Are you thinking of becoming a family lawyer? We take you through what qualifications and training you need and what to expect from the many different roles and areas of expertise.
A career in family law is a challenging and stimulating field. Your personal involvement with clients and the ability to provide legal guidance to those who are in distress can be immensely rewarding. A family lawyer will provide legal advice for family and relationship issues. Family law relates to very personal and sensitive areas of a client’s life so for this reason it can be one of the most emotive areas of law.
Family law is also remarkably diverse so although you will read about core topics (such as children, marriage and divorce) studying family law makes for many varied areas of learning.
• Divorce and relationship breakdown
• Financial disputes relating to marriage, civil partnership divorce or relationship breakdown, provision for children, division of personal assets and business assets
• Issues concerning children including parental disputes, grandparents’ legal rights, step-parent adoption, surrogacy law, and child abduction
• Prenuptial and postnuptial agreements
• Civil Partnerships
• International family law
WHAT KIND OF PERSONALITY SUITS A CAREER IN FAMILY LAW?
It is crucial that you have the right temperament for family law due to the nature of dealing with children and adults in distressing situations. The following soft skills make the difference between an adequate candidate and an ideal candidate:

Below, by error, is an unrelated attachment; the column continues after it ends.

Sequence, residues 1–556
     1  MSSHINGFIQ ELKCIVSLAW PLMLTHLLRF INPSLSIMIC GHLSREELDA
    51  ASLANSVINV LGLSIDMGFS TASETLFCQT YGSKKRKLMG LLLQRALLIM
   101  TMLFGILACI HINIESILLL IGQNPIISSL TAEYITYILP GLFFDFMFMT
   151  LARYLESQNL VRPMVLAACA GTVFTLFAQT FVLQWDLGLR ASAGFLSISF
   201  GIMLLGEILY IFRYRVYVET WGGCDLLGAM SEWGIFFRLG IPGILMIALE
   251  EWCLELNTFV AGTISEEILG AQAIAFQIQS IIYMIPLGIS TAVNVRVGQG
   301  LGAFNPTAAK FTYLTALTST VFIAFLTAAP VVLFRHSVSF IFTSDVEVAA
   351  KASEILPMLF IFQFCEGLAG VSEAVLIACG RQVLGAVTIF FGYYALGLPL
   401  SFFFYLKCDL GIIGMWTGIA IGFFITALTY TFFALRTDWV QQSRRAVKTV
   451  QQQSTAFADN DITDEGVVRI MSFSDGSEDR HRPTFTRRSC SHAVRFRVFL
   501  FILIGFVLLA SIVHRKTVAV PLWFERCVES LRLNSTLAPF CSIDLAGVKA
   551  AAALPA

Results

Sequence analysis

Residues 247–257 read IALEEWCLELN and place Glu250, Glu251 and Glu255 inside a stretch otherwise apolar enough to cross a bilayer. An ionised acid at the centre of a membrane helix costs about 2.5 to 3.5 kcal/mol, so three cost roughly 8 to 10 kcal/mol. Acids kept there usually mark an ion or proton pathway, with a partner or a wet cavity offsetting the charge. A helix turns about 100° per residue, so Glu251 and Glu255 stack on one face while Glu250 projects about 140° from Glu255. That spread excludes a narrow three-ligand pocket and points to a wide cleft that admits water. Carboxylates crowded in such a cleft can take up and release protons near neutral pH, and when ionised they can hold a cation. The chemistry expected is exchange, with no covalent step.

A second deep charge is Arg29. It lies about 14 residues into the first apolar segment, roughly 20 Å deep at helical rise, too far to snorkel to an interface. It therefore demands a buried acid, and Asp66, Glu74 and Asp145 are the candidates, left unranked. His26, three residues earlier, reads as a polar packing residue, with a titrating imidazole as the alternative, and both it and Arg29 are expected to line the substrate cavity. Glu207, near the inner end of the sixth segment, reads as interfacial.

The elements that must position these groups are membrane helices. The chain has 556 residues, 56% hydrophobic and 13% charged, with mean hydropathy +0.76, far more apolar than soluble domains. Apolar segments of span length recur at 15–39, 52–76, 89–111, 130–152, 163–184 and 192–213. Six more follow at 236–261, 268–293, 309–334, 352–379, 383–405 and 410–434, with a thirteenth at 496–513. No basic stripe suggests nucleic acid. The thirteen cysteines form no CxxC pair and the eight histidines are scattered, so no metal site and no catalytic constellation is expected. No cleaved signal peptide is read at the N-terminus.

- People skills and communication skills — you are dealing with clients who are facing very difficult times, so you need to be a good listener to hear what is and isn’t spoken.
- Social skills — along with a sharp legal mind you also need social skills like tact, empathy and compassion and an appreciation for the many different sides of human nature.
- Professionalism and objectivity — the ability to detach yourself on a personal level (from children and adults in distressing situations, such as abuse cases) while still acknowledging the difficulties the client is facing.
- Hard work ethic and positive attitude
- Patience and ability to stay calm — with clients, opposing counsel, court personnel, the system and emotional outbursts.
- Resilience and confidence
WHY DO PEOPLE SPECIALISE IN FAMILY LAW?
Most people specialise in family law because they are deeply interested in the human aspect of law and how the law can help people at some of the most vulnerable periods of their lives, including family issues and relationship breakdown.
A good family lawyer can demonstrate empathy and inspire confidence that they will guide clients through this very difficult period, always remaining focused, but also ensuring they give the best possible legal and strategic advice.
WHAT EDUCATIONAL QUALIFICATIONS DO I NEED?
There are now many different routes to qualification as a lawyer which require different levels of educational qualifications. All will require GCSE and A-Level qualifications (or equivalent qualifications).